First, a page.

In this episode, I’ll discuss checking DOAC activity before reversal agent administration.
Anti-Xa inhibitors such as apixaban, rivaroxaban, fondaparinux, and danaparoid do not have readily available assays, yet there is often a clinical need to determine their presence or absence.
Back in episode 536 I discussed how heparin anti-Xa level cutoffs could identify patients which no longer had relevant concentrations of Xa inhibitors.
This was based on a retrospective cohort study that found that with over 96% accuracy, their heparin anti-Xa cutoffs could identify patients which no longer had relevant concentrations of Xa inhibitors.
The cutoff values for screening for relevant concentrations of Xa inhibitors were as follows:
For apixaban, a heparin anti-Xa of 0.2 or less identified a patient without relevant concentrations.
For rivaroxaban, a heparin anti-Xa of 0.3 or less.
For fondaparinux and danaparoid, a heparin anti-Xa level less than 0.1.
However another strategy for determining the presence of oral factor-Xa inhibitors was recently published in AJHP.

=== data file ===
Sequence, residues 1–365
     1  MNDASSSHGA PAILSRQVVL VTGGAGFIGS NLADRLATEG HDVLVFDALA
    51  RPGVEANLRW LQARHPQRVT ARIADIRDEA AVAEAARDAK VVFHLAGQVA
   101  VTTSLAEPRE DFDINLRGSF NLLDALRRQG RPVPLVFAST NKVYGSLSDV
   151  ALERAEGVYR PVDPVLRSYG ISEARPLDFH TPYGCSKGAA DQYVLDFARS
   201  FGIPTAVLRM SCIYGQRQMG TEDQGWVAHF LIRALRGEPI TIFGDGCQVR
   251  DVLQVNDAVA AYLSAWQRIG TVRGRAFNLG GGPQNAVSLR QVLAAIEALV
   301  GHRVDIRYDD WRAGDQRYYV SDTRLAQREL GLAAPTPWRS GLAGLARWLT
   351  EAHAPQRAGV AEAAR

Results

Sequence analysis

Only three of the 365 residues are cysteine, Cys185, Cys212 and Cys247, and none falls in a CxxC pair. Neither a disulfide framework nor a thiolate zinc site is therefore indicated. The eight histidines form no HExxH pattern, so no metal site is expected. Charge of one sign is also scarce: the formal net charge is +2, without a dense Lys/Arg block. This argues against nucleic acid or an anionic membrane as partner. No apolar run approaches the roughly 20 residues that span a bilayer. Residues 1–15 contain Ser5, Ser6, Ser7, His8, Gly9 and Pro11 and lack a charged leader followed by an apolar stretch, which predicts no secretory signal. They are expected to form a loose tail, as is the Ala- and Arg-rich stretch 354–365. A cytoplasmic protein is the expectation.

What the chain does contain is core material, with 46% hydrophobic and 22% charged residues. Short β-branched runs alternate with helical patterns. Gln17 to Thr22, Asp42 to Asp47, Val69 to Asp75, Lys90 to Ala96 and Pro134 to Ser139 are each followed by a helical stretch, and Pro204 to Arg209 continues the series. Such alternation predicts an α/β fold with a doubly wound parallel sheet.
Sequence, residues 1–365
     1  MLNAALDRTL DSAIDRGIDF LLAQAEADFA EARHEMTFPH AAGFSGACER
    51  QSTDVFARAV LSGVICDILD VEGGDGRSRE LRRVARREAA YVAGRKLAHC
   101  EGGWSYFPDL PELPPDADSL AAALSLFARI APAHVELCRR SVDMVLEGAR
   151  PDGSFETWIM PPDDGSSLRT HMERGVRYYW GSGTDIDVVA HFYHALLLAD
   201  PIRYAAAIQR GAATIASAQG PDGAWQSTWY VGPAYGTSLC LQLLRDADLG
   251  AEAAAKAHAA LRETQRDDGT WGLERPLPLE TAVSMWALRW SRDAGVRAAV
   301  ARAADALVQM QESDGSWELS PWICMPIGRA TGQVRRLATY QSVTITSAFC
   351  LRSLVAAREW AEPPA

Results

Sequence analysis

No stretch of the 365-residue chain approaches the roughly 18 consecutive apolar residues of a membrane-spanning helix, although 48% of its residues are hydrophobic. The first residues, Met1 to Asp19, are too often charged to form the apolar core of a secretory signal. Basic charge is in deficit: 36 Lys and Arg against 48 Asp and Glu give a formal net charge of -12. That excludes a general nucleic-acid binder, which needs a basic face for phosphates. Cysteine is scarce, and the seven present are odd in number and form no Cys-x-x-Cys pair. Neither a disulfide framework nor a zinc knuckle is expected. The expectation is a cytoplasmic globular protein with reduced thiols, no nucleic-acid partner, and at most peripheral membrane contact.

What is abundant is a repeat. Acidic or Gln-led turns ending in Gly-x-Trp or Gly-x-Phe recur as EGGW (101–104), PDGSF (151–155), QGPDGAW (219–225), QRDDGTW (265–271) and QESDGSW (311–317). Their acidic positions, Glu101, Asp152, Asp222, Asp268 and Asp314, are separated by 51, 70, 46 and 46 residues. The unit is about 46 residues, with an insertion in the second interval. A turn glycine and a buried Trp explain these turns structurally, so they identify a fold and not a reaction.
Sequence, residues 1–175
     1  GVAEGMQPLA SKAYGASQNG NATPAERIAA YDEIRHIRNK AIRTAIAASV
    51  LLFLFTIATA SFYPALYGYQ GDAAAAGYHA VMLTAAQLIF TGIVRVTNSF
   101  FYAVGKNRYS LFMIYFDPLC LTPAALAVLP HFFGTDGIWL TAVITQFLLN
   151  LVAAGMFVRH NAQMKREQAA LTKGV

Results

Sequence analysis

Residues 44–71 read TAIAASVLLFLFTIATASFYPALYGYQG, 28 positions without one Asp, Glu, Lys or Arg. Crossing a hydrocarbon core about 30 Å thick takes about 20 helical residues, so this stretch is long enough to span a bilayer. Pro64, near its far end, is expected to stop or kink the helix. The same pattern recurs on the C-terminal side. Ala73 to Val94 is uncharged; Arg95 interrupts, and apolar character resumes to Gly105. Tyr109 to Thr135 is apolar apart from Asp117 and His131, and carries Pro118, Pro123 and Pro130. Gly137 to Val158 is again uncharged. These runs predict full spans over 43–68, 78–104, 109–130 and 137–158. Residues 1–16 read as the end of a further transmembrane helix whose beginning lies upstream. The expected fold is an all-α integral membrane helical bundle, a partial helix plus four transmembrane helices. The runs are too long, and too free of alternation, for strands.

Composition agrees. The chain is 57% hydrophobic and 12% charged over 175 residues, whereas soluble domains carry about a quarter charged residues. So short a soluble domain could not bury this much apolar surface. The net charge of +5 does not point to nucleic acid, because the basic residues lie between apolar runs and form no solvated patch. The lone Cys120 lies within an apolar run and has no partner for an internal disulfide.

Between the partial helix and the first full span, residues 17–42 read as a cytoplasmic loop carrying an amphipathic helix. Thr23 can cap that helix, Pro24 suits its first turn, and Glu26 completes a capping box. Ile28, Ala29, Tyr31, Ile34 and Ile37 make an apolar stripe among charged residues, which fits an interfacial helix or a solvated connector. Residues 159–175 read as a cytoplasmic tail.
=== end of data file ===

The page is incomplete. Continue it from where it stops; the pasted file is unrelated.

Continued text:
These author’s took their laboratory’s preexisting anti-Xa reagent and calibrated it for apixaban and rivaroxaban. The result was an assay that could reliably give information as to the extent of DOAC levels present with a clinically relevant turnaround time of well under 60 minutes. Out of a group of 30 patients that presented to the ED for acute bleeding or requiring an urgent procedure that required reversal, the assay was used to rule out the presence of oral factor Xa inhibitor in 3 patients, preventing the unnecessary use of reversal agents.
This represents an alternative practice to the use of an uncalibrated heparin anti-Xa level, and could be an option if your clinical laboratory has the ability to calibrate and implement such an assay.
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